Contraceptive medication : London Health

The combined oral contraceptive pill (COC)

The combined oral contraceptive pill is a popular choice of contraceptive for women. The main types of combined contraceptive pill include standard strength oestrogen pills which can either be taken on a 21 or 28 day cycle and low oestrogen pills. Combined oral contraceptive pills contain both progesterone and oestrogen.

How do oral contraceptive pills work?

The pills contain hormones that prevent pregnancy by:

  • Stopping ovulation
  • Making it more difficult for sperm to travel up to the womb by thickening the mucus in the neck of the womb
  • Making it more difficult for an egg to implant in the womb by making the lining of the womb thinner

The pill is one of the most effective forms of contraception currently available to patients.

Common COCs

There are a number of different contraceptive pills on offer; some are used to treat heavy and painful periods and acne, as well as providing contraception, so if you have either of these problems you may want to discuss this with your doctor.

Common brands of combined oral contraceptives are listed below:

Standard strength oestrogen (21 day cycle)

  • Microgynon 30
  • Yasmin
  • Cilest
  • Loestrin 30
  • Dianette

Standard strength oestrogen (28 day cycle)

  • Microgynon ED
  • Logynon ED
  • Femondene ED

Low strength oestrogen (21 day cycle)

  • Mercilon
  • Sunya 20/75
  • Femodette

Is the pill suitable for everyone?

The pill can provide a very effective means of contraception for many people but it is not suitable for everyone. The pill should generally not be given to people who have more than one of the following risk factors:

  • If you are over 35
  • If you have a history of blood clots
  • If you smoke
  • If you are very overweight or obese
  • If you suffer from migraines
  • If you have high blood pressure
  • If you have had a stroke in the past
  • If you have family history of clotting
  • If you have restricted mobility

There is evidence to suggest that women that take the pill are at a very slightly higher risk of developing breast cancer (the risk is increased from 5 in 2000 to 4 in 2000 by taking the contraceptive pill); research has also proven that taking the pill reduces the risk of suffering from endometrial and ovarian cancer.

Taking the pill

If you want to go on the pill you need to see your GP; they will work out which pill is best for you and check that you are safe to take the pill. If you decide to go ahead and go on the pill you will start taking the pill after your next menstrual cycle has started.

It is important to try and take your pill at roughly the same time each day; this will increase the efficacy of the pill. If you miss a pill, take it as soon as you realise and continue to take the rest of the pills as normal. As a general rule, missing less than three pills should have no effect; however, if you have missed more than three pills you should consider taking an emergency contraception pill and you should use additional contraception for the next 7 days. If you have any concerns about taking your pill or missing pills, talk to your GP. If you are sick or have severe diarrhoea shortly after taking your pill (within 2-3 hours), you should take another pill as the first one will not have had chance to be absorbed properly.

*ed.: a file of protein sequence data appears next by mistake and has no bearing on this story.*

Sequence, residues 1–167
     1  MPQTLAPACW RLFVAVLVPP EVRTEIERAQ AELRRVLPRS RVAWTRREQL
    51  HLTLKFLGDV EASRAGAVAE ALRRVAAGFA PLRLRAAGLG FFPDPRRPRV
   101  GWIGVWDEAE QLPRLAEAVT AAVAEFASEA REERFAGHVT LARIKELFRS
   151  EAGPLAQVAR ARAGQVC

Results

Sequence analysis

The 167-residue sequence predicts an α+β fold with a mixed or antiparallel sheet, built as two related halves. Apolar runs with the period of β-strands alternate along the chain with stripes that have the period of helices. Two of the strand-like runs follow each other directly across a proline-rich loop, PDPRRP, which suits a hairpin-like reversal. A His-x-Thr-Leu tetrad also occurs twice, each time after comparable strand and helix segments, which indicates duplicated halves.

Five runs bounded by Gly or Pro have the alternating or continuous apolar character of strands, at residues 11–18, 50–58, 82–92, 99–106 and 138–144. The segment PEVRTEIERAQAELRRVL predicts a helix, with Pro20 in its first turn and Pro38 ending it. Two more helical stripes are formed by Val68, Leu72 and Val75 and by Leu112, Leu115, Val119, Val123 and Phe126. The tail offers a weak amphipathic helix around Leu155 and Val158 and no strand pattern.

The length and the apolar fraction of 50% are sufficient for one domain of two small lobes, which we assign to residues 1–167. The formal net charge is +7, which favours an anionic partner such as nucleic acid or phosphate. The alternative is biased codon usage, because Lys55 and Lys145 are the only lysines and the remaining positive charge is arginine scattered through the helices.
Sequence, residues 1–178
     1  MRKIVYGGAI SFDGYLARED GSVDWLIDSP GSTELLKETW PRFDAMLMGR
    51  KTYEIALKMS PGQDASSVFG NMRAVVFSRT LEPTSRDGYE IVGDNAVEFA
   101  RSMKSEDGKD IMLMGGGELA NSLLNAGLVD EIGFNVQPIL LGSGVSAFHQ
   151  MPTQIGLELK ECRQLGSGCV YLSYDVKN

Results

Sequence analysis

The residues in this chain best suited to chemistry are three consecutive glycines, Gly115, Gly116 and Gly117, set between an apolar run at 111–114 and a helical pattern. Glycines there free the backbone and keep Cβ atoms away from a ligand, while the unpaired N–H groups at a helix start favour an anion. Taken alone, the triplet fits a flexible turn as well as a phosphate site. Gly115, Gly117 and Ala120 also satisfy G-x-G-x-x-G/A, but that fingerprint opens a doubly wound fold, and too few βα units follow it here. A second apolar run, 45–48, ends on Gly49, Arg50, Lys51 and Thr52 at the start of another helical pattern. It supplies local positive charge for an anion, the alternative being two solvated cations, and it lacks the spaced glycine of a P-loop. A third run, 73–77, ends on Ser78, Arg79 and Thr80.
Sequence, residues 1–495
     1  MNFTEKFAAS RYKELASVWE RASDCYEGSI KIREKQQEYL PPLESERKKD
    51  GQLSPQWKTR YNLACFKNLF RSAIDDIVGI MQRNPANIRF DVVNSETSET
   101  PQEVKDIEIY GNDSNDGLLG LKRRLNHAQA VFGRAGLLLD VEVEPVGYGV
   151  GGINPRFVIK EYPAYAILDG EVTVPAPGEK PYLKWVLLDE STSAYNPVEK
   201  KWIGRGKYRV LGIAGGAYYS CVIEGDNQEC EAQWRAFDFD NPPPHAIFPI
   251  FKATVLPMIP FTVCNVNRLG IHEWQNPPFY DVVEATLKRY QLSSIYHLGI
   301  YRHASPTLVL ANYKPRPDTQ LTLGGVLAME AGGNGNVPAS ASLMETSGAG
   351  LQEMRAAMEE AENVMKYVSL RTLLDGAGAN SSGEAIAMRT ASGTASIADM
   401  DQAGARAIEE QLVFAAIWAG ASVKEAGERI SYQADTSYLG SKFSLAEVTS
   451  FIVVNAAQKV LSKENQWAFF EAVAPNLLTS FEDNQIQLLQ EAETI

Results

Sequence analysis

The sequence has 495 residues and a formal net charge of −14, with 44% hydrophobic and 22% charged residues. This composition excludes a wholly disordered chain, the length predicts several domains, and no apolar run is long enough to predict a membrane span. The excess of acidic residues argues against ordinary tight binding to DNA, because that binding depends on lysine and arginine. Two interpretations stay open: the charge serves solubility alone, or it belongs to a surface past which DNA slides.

Taking other medications may affect your pill so it is best to use other forms of contraception if you are taking certain medications; you should ask your doctor about taking other medications with your pill. Your pill may also not work as effectively if you are suffering with illnesses such as colds or flu or gastroenteritis so you should consider using alternative forms of contraception for a period of 7 days.

Emergency contraceptive pill

The emergency contraceptive pill is commonly known as ‘the morning after pill’; it must be taken within 72 hours of having sexual intercourse to be effective. The pill is much more effective if it is taken within 24 hours of intercourse (the pill is effective in 95% of cases within 24 hours; the rate falls to 58% after 48 hours). There are currently two brands of emergency contraceptive pill available; these include Levonelle one step and Levonelle 1500.

Where can I get the emergency contraceptive pill?

The emergency contraceptive pill is available free of charge from GP surgeries and some family planning clinics. It is also available from some pharmacies, but they will charge in the region £26 per pill.

How does the pill work?

Both types of pill work in the same way. The pill works by:

  • Stopping ovulation
  • Thickening the mucus on the neck of the womb (which makes it more difficult for sperm to reach the womb)
  • Thinning the lining of the womb (which makes it more difficult for the egg to implant)

Taking the pill

It is important to realise that the emergency contraceptive pill should not be used regularly as a form of contraception; it should be used in exceptional circumstances. Once you have taken the pill, continue to use contraception. Most people have a period at the normal time but some people may experience light bleeding after taking the emergency contraceptive pill. If your period is more than 7 days late you should see your GP as you may be pregnant.

Are there any side-effects?

Some people experience side-effects after taking the emergency contraceptive pill; common side-effects include:

  • Abdominal pain
  • Irregular menstruation (this includes bleeding between periods)
  • Nausea
  • Tiredness

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